Granny Val - Bronze, medium-tough skin, large size, late maturing, good flavor, self fertile, uniform ripening, sensitive to cold weather, good fresh fruit quality. Brooks, Ga. 1983.

Higgins - Bronze, medium size, tough skin, good flavor, female, good juice quality, Experiment, Ga. 1955.

Hunt - Purple, medium size, good flavor, medium-tough skin, female, good juice quality. Experiment, Ga. 1920.

Ison - Purple, medium large size, excellent muscadine flavor, medium-tough skin, self fertile, uniform ripening, good pollinator, good yields, good fresh fruit quality. Ison, 1986.

Janebell - Bronze, medium large fruit size, tough skin good sweet flavor, uneven ripening, self fertile, good fresh fruit quality. Ison, 1988.

Jumbo - Purple, large size, good flavor, female, good fresh fruit quality, tough skin a drawback. Experiment, Ga. 1970.

Magnolia - Bronze, tough skin, medium size, good flavor, self fertile, excellent juice quality, Raleigh, N.C. 1962.

Noble - Purple, small to medium size fruit, good flavor, tough skin, self fertile, excellent juice quality. Clayton, N.C. 1973.

Scuppernong - Bronze, tough skin, medium size, good flavor, female, good juice quality, popular because of name recognition. Wild seedling.

Sterling - Bronze, tough skin, medium large size, self fertile, excellent juice quality. Clayton, N.C. 1981.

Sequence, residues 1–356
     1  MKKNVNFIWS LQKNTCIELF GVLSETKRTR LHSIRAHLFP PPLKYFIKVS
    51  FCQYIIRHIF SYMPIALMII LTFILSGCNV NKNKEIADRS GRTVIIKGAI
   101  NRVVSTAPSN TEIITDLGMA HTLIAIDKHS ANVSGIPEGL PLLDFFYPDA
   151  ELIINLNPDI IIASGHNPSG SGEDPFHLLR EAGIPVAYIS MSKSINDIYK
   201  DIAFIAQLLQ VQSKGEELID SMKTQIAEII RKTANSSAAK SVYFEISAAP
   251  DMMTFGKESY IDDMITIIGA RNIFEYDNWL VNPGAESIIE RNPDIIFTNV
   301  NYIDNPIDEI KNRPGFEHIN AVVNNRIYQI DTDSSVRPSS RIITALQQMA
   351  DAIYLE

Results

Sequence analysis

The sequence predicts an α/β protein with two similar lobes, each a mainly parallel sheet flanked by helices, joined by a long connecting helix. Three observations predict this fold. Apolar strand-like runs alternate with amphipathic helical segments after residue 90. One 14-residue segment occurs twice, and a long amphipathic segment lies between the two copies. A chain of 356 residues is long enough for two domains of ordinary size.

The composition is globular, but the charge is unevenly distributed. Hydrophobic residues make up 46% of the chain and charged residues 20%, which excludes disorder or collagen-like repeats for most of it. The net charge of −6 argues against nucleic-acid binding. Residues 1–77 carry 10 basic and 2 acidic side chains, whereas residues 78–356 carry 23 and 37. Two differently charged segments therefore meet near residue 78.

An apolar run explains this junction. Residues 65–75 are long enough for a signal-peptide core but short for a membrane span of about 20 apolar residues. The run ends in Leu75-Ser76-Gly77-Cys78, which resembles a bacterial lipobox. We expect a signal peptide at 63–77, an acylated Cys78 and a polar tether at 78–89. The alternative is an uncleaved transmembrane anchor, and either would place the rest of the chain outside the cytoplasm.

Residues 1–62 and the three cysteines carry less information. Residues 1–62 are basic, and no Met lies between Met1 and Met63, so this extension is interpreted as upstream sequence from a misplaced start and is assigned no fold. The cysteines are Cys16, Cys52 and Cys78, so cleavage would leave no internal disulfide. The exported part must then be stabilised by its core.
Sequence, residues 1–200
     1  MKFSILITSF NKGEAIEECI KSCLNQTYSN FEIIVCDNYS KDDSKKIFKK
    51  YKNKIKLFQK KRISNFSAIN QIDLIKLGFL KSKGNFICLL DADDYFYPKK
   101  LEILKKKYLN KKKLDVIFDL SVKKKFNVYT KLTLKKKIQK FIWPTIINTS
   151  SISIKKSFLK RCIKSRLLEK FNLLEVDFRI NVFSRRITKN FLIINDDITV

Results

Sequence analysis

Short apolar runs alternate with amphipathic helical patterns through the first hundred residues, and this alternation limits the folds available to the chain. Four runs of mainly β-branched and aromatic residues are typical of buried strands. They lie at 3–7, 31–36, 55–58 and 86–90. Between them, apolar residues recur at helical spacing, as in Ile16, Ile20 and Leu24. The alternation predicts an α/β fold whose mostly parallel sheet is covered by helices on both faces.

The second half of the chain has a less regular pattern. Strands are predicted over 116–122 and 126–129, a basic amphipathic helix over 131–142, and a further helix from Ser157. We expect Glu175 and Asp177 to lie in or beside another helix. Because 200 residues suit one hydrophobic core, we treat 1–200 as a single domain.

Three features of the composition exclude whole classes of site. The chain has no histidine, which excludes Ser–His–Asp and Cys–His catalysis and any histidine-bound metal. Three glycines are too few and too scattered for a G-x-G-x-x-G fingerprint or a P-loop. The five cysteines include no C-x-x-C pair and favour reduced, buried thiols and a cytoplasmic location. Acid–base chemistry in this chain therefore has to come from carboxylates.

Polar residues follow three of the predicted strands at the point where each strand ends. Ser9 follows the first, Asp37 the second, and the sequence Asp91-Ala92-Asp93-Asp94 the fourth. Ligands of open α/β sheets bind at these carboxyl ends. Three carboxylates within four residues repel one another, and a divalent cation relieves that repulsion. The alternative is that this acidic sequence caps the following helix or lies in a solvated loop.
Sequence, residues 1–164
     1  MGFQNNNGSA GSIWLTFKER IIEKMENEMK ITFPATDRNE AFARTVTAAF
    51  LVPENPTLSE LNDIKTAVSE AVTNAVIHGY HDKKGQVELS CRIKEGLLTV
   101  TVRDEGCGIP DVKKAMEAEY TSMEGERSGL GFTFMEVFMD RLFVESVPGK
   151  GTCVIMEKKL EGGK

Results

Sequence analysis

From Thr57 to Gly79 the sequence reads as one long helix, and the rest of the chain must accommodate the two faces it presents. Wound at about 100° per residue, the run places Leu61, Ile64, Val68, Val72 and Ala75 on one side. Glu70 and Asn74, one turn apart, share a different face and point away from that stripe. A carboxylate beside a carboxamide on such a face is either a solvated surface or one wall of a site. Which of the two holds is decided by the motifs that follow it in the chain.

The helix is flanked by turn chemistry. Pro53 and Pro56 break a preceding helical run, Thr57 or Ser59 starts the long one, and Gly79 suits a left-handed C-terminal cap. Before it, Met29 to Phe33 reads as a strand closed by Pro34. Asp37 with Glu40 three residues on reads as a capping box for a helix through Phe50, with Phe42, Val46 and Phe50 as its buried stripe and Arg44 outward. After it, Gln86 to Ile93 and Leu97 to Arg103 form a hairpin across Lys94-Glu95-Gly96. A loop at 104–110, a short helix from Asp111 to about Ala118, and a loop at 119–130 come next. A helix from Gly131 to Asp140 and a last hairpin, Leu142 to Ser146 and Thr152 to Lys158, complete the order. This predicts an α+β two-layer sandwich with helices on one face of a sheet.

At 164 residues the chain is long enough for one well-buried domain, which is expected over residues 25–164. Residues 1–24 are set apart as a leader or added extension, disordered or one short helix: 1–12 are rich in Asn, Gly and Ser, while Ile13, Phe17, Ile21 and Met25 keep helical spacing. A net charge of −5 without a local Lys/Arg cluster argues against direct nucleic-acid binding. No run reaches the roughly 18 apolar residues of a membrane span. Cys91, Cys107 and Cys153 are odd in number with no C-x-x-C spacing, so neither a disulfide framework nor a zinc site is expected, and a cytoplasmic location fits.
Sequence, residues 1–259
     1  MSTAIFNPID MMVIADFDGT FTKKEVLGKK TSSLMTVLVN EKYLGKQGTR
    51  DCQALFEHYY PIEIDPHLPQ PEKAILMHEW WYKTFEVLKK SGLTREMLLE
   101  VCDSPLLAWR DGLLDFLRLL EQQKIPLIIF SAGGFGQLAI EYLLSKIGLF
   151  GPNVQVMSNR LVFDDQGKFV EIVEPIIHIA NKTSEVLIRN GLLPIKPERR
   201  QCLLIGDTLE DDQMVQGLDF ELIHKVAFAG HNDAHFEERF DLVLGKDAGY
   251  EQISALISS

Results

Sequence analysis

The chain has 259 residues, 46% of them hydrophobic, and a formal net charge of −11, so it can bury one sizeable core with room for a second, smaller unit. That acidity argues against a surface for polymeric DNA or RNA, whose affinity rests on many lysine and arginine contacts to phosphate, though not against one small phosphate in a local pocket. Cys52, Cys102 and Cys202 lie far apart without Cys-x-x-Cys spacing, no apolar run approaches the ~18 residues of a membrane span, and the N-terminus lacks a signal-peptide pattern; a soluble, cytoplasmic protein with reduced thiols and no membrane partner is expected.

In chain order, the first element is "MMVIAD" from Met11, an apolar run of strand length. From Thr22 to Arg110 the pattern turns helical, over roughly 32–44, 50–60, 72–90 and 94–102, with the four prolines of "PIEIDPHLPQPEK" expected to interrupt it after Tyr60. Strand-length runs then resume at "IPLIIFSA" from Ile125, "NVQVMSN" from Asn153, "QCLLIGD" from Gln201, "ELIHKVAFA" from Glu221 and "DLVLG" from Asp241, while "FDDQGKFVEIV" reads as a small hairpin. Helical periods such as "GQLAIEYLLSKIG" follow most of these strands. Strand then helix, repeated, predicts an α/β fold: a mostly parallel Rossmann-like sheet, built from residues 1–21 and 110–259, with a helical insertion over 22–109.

Sugargate - Medium large size, purple, inconsistent yield, good flavor, medium-tough skin, female, good fresh fruit quality. Ison, 1974.

Summit - Bronze, medium large fruit, excellent flavor, high sugar content, medium tough skin, female, very susceptible to black rot and bee problems, good fresh fruit potential. Experiment, Ga. 1977.

Supreme - Purple, large fruit, good flavor, medium-tough skin, heavy yield, female, excellentfresh fruit quality. Ison, 1988.

Sweet Jenny - Bronze, large size, excellent flavor, crunchy skin, female, excellent fresh fruit quality. Ison, 1986.

Triumph - Bronze, medium-tough skin, medium large size, good muscadine flavor, self fertile, nonslip skin, dry scar, excellent fresh fruit quality. Griffin, Ga. 1980.

Watergate - Bronze, large size, good flavor, medium-tough skin, uneven ripening, female, excellent fresh fruit quality. Ison, 1974.

Printer Friendly and PDF

Publications

Publication Number: P3055
Publication Number: IS1608
Publication Number: P0376

News

Filed Under: Commercial Horticulture, Commercial Fruit and Nuts, Farmers Markets, Greenhouse Tomatoes, Organic Fruit and Vegetables, Other Vegetables August 17, 2017

RAYMOND, Miss. -- Produce growers, packers, industry suppliers and others can learn the requirements of the new federal Produce Safety Rule during one of three upcoming workshops around the state.

Filed Under: Commercial Fruit and Nuts, Fruit August 4, 2017